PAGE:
Horizon scanning is a term that appeared in the early years of the 21st century and is not well-defined, being at once a tool part of the whole foresight process and a way to label this entire process (Habbeger, 2009).* We shall here consider horizon scanning as a specific tool and contrast it to monitoring, in a practical way, i.e. trying to devise the best way to accomplish each task for the best possible foresight and warning, stressing difficulties and challenges and possible ways to move forward. The scans and monitoring done here, within the framework of the Red (Team) Analysis Society, are at once samples of applied methodology, ensuring coherence between reflection and practice and real tools on real-life issues.
Horizon scanning and monitoring: definitions
Scanning allows for the identification of potential new themes or meta-issues and issues, that will then need to be analysed in-depth. Horizon scanning looks thus for weak signals indicating the emergence of new meta-issues and issues. A scan must adopt the largest possible scope for the core question under watch.
The idea of horizon scanning is built upon older ideas and methods such as “environmental scanning,” “strategic foresight” and “indications and warning” (also labelled “strategic warning” and “warning intelligence” see Grabo, 2004). Actually, as underlined by Glenn and Gordon, “’environmental scanning’ is the term most futurists used in the 1960-1970s, but as the environmental movement grew, some thought the term might only refer to systems to monitor changes in the natural environment due to human actions. To avoid this confusion, some have called them ‘Futures Scanning Systems’, ‘Early Warning Systems’ and ‘Futures Intelligence Systems’.” ‘Strategic warning’ and related terms are used notably by the military to avoid strategic surprises (e.g. Pearl Harbour).
Horizon scanning was notably popularised (to a point as the whole anticipation field is still largely known only to specialists) by its use in the denomination of various governments’ offices, such as the UK Horizon Scanning Centre created in 2004 after a call for developing such centres of excellence across government (Habbeger, 2009, p.14), or Singapore’s Risk Assessment and Horizon Scanning programme, launched in 2005 (Lavoix, 2010). The way the idea was made fashionable also contributed to the confusion surrounding its meaning.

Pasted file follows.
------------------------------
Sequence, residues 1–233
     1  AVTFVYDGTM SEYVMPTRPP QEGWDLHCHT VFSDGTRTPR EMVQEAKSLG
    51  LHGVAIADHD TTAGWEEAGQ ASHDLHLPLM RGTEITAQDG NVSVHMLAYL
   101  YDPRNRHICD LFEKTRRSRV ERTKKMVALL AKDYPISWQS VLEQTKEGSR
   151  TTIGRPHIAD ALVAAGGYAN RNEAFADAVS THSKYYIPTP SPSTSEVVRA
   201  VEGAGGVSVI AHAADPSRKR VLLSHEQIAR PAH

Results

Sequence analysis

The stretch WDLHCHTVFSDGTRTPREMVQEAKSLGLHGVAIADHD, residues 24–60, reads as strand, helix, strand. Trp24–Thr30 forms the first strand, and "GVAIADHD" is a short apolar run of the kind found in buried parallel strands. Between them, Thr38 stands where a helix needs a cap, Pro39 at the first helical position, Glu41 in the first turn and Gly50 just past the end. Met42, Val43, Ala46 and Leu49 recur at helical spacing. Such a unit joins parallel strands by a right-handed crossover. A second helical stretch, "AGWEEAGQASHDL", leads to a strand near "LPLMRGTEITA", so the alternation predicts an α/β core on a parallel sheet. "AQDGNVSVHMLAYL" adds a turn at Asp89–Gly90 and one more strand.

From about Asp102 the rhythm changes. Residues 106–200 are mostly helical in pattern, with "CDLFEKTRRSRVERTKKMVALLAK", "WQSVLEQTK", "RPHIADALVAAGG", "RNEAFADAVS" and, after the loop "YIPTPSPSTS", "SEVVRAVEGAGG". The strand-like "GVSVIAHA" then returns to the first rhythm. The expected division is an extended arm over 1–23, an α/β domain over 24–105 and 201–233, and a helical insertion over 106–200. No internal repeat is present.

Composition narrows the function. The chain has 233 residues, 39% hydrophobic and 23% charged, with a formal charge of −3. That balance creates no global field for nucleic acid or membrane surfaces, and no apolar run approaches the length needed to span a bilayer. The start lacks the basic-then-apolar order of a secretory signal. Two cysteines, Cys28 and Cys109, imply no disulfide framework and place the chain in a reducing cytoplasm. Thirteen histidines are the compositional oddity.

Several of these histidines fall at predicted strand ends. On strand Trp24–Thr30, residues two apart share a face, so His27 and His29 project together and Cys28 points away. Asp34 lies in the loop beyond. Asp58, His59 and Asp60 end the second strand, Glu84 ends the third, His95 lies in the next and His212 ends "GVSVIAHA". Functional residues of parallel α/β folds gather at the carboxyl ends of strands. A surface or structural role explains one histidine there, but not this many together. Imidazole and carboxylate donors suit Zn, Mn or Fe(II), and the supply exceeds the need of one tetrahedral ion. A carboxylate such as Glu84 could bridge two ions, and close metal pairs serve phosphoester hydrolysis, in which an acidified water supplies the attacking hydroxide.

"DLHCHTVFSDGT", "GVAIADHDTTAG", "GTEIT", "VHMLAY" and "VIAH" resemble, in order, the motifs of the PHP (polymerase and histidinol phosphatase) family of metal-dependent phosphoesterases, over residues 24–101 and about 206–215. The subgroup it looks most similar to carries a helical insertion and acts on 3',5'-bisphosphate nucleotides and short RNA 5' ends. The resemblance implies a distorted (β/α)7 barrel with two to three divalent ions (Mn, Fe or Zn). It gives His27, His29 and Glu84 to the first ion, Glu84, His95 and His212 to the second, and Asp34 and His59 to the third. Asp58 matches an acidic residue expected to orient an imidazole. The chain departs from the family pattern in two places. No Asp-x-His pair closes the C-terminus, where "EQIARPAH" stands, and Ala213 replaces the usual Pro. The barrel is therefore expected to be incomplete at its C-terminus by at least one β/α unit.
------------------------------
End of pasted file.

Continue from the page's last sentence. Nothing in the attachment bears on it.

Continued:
Monitoring is part of the strategic warning process. It is well documented in the literature on intelligence, warning and strategic surprise as it has been formally practised since at least WWII and as intelligence studies are now a constituted body of knowledge and a discipline. For more readings, one shall consult the bibliography of reference on intelligence related matters, J. Ransom Clark’s Bibliography on the Literature of Intelligence, notably the section on strategic warning.
Monitoring issues will allow for the identification of warning problems. Surveillance of those problems will then be done through adequate models and related indicators. If we use the example of energy as meta-issue, then issues could be “oil security,” “peak oil,” “peak uranium,” “the volatility of oil prices,” “the politics of energy between Europe and Russia,” and problems the more specific “Gasprom policies,” “the Keystone pipeline,” etc…
Both monitoring and surveillance lead the collection of necessary information, as defined by the model and related indicators.
Scanning and monitoring in practice
Here our main scan is The Red (Team) Analysis Weekly (in short The Weekly) and it is focused upon national security in its largest understanding.* It is one of the device through which new emerging issues that must be put on a watch are identified. The Sigils are both specific scans and monitoring of issues.
In practice, scanning may be seen as included in monitoring and most of the time the same process and the same tools may be used for scanning and for the first steps of monitoring.
First, although a scan is the first step of any analysis, and thus assumes that no understanding or little understanding of the question exists, actually this is only an appearance. Try to make the exercise mentally: if you start looking for something, even in the loosest way, to do that you need to have an idea, even minimal, of what you are looking for. What happens is that, unconsciously, you rely on a cognitive model. This cognitive model is implicit. Thus, to scan the horizon you already use a model, even if it is a very imperfect one. Monitoring is also grounded in a model, but one that has been made explicit, that has been improved and refined through the process of analysis. Thus both horizon scanning and monitoring are similar. Their difference, here, resides actually in the sophistication of the model used, not in the actual process utilised to do scanning or the first steps of the monitoring. Hence, scanning and monitoring can utilise most often the same of tool or support.